*A Kolmogorov complexity proof of the Lovász local lemma for satisfiability*, by J. Messner and T. Thierauf. Let $\phi$ be a $k$-CNF formula with $n$ variables, and $m$ clauses, each clause containing exactly $k$ literals (i.e., a variable, or the negation of a variable). The goal is to explicitly build an assignment of truth values to the variables so that each clause contains at least one literal evaluating to true.

**1. Original algorithm**

We define the graph $\Gamma'$, having the clauses of $\phi$ as nodes. In $\Gamma'$, two clauses $C$ and $D$ define an edge if $C$ has a literal that occurs negated in $D$. We denote by $d$ the maximum degree of $\Gamma'$.

The symmetric version of the Lovász local lemma states that $\phi$ is satisfiable if the clauses do not "interact too much", i.e., more precisely

$$

\frac{d^d}{(d-1)^{(d-1)}} \leq 2^k - 1

$$

Moser and Tardos gave a constructive proof of the previous result, in the sense that they defined a (randomized) algorithm that (efficiently) produces a satisfying assignment for $\phi$ within $O(m)$ time steps. This algorithm runs as follows:

- Pick a random assignment for the variables of $\phi$
- While some clause in $\phi$ is not satisfied
- Choose (deterministically) an unsatisfied clause $C$
- Reassign the variables in $C$ independently at random
- Output the satisfying assignment

**2. Reformulation**

We now proceed to the interpretation of the proof from the point of view of distributed algorithms. We define an event $e$ as a pair $(C,b)$ where $C$ is a clause, and $b$ is a bit assignment of the variables in $C$. Two events are said to be independent if their clauses are not neighbours in $\Gamma'$.

Let $\gamma$ be a configuration, i.e., a bit assignment of the $n$ variables in the formula. The event $e = (C,b)$ is enabled in $\gamma$ if $\gamma$ does not satisfy $C$, i.e., all the literals in $C$ evaluate to false. We say that the event is applied to $\gamma$ when the variables of clause $C$ are reassigned according to $b$. If $\gamma'$ is the resulting configuration, we denote by $\gamma \xrightarrow{e} \gamma'$ this transition.

We now introduce a normal form for executions inspired by the work of Cartier and Foata in trace monoids. The idea stems from the fact that if two events $e,e'$ are independent and enabled in $\gamma$, then these events can be applied in any order, and yield the same configuration. One can model a schedule of events as a word $e_0\cdot e_1 \dots e_{s-1}$ in the trace monoid generated by the events, i.e., the quotient of the free monoid over the event alphabet by the commutativity relations induced by event independence. Cartier and Foata showed that any word $w$ in the trace monoid can be uniquely represented by the following normal form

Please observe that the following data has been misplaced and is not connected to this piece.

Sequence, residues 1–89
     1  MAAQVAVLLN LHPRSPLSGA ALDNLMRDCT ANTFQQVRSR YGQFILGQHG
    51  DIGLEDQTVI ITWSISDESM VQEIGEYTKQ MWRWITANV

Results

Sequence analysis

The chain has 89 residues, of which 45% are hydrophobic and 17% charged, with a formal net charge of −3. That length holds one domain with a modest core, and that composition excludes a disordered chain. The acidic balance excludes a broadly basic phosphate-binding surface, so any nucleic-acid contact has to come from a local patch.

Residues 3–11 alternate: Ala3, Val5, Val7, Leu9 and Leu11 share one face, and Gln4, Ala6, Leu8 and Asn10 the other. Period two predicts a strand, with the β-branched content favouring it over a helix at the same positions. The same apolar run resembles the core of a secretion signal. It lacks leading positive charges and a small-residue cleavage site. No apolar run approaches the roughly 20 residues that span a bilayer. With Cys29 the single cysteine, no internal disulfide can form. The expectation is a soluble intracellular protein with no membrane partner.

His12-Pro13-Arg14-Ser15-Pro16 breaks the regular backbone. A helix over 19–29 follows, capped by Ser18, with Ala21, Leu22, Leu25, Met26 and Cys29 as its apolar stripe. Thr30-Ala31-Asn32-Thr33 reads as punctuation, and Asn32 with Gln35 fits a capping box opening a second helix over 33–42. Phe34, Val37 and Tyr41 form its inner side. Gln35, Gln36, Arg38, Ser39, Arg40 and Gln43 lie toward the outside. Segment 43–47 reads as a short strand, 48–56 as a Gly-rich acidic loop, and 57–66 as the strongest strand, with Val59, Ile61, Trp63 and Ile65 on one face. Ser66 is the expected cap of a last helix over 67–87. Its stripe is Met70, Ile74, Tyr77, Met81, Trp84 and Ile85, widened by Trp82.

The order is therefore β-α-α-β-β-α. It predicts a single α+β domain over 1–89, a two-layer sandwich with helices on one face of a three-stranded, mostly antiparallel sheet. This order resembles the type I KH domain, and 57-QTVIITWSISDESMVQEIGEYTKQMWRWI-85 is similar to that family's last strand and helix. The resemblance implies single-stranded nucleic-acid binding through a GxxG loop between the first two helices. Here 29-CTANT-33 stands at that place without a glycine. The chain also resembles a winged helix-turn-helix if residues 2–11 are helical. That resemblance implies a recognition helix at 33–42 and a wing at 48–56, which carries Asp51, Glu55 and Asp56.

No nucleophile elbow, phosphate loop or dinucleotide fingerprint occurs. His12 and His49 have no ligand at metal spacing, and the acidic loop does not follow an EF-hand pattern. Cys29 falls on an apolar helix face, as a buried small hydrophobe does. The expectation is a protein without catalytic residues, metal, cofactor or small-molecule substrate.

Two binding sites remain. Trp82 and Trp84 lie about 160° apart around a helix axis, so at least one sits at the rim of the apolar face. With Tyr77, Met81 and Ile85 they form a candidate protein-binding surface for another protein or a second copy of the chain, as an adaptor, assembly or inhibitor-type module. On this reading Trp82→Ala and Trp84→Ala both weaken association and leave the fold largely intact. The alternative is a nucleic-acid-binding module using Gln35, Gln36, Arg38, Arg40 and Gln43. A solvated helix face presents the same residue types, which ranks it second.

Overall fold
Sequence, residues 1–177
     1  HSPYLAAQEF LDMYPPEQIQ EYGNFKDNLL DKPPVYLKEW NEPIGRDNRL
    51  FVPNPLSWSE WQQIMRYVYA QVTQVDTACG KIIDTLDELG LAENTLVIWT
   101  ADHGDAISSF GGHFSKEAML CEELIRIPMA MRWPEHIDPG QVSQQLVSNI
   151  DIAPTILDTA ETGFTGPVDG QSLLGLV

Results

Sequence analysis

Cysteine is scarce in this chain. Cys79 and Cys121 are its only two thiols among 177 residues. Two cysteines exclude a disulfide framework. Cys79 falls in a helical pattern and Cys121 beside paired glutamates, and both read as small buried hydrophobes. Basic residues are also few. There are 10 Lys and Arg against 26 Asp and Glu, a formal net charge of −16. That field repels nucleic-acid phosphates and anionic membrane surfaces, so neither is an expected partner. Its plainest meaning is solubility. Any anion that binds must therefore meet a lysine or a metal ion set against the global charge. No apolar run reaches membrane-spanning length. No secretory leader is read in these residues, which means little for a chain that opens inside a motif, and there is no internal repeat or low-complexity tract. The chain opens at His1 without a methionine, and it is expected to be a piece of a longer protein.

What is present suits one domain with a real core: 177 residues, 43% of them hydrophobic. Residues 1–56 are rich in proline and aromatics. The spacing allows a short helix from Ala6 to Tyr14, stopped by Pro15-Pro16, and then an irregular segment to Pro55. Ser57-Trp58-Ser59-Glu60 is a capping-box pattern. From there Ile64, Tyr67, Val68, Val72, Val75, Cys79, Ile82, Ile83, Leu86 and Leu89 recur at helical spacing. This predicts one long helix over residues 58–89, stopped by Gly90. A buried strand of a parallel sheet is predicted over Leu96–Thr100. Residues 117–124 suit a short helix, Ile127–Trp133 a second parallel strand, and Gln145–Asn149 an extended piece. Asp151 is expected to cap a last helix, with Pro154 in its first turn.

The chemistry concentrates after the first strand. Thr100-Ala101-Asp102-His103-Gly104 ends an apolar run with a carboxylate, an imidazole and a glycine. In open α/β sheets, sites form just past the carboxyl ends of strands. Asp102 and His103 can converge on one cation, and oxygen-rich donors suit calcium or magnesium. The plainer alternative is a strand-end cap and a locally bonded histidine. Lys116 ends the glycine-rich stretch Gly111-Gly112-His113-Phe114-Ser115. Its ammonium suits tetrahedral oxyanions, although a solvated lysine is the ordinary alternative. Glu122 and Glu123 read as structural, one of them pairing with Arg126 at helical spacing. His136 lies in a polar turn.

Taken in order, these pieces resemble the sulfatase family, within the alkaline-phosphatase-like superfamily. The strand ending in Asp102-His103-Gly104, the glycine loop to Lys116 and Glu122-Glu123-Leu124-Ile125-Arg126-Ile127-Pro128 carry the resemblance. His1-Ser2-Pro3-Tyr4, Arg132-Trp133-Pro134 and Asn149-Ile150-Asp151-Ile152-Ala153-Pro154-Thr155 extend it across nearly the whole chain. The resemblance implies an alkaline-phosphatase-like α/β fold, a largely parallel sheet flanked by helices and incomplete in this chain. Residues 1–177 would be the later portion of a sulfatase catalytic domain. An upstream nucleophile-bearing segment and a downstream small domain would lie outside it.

$$

V_0 | \dots | V_{t-1}

$$

where each $V_i$ is composed of pairwise independent events, and each event in $V_{i+1}$ depends on some event in $V_i$. An execution can then be defined as a pair $(\gamma_0, S)$ where $\gamma_0$ is the initial configuration, and $S$ is a schedule given in the normal form above. If $S$ contains $s$ events, then the execution has consumed exactly $n + s\cdot k$ random bits. The normal form can be depicted as a forest:

Fig. 1 Compact representation of a schedule. |

*without*the bit assignments, i.e., $[S]$ retains only the causal order of clauses, pretty much as depicted in Fig. 1. We will refer to $[S]$ as the causal structure of $S$.

I don't know if Messner, Thierauf were aware of this, but it turns out that the forest construction they give in their paper corresponds almost (I have not checked it thoroughly) to the method of Cartier and Foata for computing a normal form of a word in a trace monoid.

**3. Final argument**

The crucial point in the proof of Messner and Thierauf consists in the following observation:

*a finite execution $(\gamma_0,S)$ is entirely determined by the final configuration $\gamma_{t-1}$ and the causal structure $[S]$.*

Indeed, if you know $\gamma_{t-1}$ and the last group $U_{t-1}$ of pairwise independent clause in $[S]$, then the bit assignment associated with any clause $C \in U_{t-1}$ is simply the restriction of $\gamma_{t-1}$ to the variables of $C$ since they were lastly modified. In particular, $\gamma_{t-2}$ is obtained from $\gamma_{t-1}$ by simply inverting the value of every variable occurring in one of the clauses of $U_{t-1}$.

The consequence of this is that the $n + s\cdot k$ (Kolmogorov) random bits can be computed from the pair $(\gamma_{t-1},[S])$. The classic compression method in algorithmic information theory yields

$$

n + s\cdot k \leq K(\gamma_{t-1},[S]) + O(1)

$$

where $K(\cdot)$ is the Kolmogorov complexity. An upper bound for the right-hand side is given by $n$ (number of bits to encode $\gamma_{t-1}$), and the logarithm of the number of causal structures $[S]$ with exactly $s$ (bit-free) events. Combinatorics yields

$$

n + s\cdot k \leq n + (d\cdot s + m) \cdot h\left(\frac{1}{d}\right)+ O(1)

$$

where $h(p) = - p\cdot \log p - (1-p)\cdot \log (1-p)$. The bound on $d$ gives $s = O(m)$.

pb

[1] Robin A. Moser, Gábor Tardos,

*A constructive proof of the Lovász local lemma*, arxiv.org/abs/0903.0544, 2009
[2] Jochen Messner, Thomas Thierauf, A Kolmogorov complexity proof of the Lovász local lemma for satisfiability, Theoretical Computer Science, volume 461, pages 55-64, 2012

[3] Pierre Cartier, Dominique Foata,

*Problèmes combinatoire de commutation et de réarrangements*, Lecture notes in Mathematics, 85, Springer Verlag, 1969
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